- Spec Ops: The Line and Nine Inch Nails make an unlikely pair. Cory Davis, known best for his work as creative director on the influential shooter Spec Ops: The Line, has teamed up with Nine Inch Nails guitarist Robin Finck to form Eyes Out. The new LA-based studio is building a single-player horror game, Gamesindustry.biz reported.
- Activision Blizzard QA testers share their stories. Amid the ongoing conversation around Activision Blizzard's workplace issues, a pair of reports from Polygon and Kotaku have shined a light on the company's quality assurance division and how its use of contract labor fostered a toxic culture.
- On Protocol: Niantic CEO John Hanke spoke out about what he sees as the perils of the metaverse as envisioned by science fiction and tech leaders like Mark Zuckerberg, calling it a "dystopian nightmare" the tech, gaming and media industries should work to avoid.
- McCree out at Blizzard. Jesse McCree, for whom the well-known Overwatch sharpshooter is named, has left Blizzard, Kotaku reported. McCree has been featured in numerous reports on the company's workplace culture since California filed its discrimination lawsuit last month. Also gone are Luis Barriga, the Diablo 4 game director, and World of Warcraft designer Jonathan LeCraft. The company did not disclose why.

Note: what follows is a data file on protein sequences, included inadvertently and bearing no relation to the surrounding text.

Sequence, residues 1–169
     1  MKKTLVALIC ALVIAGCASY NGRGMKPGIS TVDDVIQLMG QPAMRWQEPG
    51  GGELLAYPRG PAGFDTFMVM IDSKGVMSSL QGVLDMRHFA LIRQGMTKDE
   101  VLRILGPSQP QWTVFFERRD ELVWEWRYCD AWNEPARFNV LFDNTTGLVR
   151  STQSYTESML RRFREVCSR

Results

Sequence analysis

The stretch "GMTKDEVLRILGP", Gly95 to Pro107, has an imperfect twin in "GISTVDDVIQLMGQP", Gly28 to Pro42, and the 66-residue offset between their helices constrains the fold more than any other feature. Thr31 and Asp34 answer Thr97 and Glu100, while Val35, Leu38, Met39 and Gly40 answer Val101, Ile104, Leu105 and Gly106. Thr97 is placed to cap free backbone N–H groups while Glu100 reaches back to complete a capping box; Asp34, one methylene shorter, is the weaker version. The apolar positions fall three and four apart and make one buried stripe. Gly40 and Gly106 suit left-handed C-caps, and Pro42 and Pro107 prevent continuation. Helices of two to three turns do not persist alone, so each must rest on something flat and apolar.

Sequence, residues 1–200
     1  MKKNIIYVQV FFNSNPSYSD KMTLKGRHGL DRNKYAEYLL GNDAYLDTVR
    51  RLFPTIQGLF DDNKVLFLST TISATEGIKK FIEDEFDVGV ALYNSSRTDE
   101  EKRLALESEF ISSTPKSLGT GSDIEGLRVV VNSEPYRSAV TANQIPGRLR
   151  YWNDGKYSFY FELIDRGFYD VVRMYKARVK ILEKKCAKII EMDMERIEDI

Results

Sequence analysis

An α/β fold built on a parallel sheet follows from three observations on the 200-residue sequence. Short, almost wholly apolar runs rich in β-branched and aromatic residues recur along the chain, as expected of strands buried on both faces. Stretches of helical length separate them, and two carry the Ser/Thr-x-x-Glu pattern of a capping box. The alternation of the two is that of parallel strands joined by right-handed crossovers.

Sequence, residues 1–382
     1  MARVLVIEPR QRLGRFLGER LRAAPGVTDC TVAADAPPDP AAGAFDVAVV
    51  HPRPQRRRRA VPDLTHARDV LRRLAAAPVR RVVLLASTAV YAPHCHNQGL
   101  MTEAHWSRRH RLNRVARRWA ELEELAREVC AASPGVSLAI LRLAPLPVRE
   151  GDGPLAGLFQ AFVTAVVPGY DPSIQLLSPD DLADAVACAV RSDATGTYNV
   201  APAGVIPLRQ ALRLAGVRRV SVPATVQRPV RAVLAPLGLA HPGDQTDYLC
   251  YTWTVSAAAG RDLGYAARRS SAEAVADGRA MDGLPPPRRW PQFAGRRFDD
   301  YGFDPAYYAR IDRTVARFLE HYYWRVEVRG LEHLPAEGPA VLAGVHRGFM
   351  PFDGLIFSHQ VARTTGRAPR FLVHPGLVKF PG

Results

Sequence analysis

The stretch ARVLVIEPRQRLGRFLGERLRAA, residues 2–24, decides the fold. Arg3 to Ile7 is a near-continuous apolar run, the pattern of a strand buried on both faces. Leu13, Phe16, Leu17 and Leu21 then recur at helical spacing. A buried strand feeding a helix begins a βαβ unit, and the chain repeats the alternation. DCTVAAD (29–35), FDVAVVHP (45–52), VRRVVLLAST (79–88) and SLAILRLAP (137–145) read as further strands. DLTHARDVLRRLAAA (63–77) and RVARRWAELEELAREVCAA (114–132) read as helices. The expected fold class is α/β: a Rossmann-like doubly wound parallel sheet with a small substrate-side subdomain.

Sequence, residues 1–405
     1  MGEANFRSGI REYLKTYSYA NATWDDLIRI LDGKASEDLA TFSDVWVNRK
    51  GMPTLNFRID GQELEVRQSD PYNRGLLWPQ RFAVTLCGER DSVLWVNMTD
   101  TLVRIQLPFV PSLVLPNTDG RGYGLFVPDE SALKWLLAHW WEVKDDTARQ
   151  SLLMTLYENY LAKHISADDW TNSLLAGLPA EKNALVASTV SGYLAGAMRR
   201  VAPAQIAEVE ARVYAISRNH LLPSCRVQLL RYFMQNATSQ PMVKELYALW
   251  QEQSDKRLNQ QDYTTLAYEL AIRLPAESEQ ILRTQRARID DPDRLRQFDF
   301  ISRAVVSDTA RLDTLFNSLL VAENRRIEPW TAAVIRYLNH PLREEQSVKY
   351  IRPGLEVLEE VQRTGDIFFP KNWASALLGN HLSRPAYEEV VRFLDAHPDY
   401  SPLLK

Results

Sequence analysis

- Amazon lifts controversial restrictions on personal game work. A decade-old Amazon Game Studios policy restricting developers' after-hours work is no more, Bloomberg reported. The policy forced employees to use Amazon technology and gave the company perpetual, royalty-free license to any IP.
- EA parts ways with another pair of studio leaders. The leaders of Glu Mobile, which EA acquired earlier this year, have left the company as part of the studio's formal integration with the publisher's mobile division. CEO Nick Earl and COO Eric Ludwig made the decision themselves, VentureBeat reported, in similar fashion to the departure of Codemasters execs Frank Sagnier and Rashid Varachia last month.
- Intel enters the GPU race. Intel's new Arc line of discrete graphics chips aim to compete with AMD and Nvidia, The Verge reported yesterday. Arc GPUs won't arrive until 2022, but Intel is in dire need of new competitive consumer chips after suffering setbacks in the CPU market in recent years.
Look Out For
An artful twist on the cinema-inspired video game
The game industry and Hollywood haven't blended well in the past. While big-budget games have often borrowed the voices, faces and even motion capture performances of well-known actors, only the most cinematic of story-driven AAA titles like Sony's The Last of Us have come close to blurring the line.
But a new project from notable indie film and game producer Annapurna seems like it has the right blend of both art forms to pull off something fresh. The company's gaming arm is putting out Twelve Minutes this Thursday featuring big voice acting credits like James McAvoy, Daisy Ridley and Willem Dafoe. The game, using an unusual top-down camera angle, is an interactive mystery playing out over a repeating time loop. It may not have photo-realistic graphics, but its narrative approach looks like a captivating new take on video game storytelling.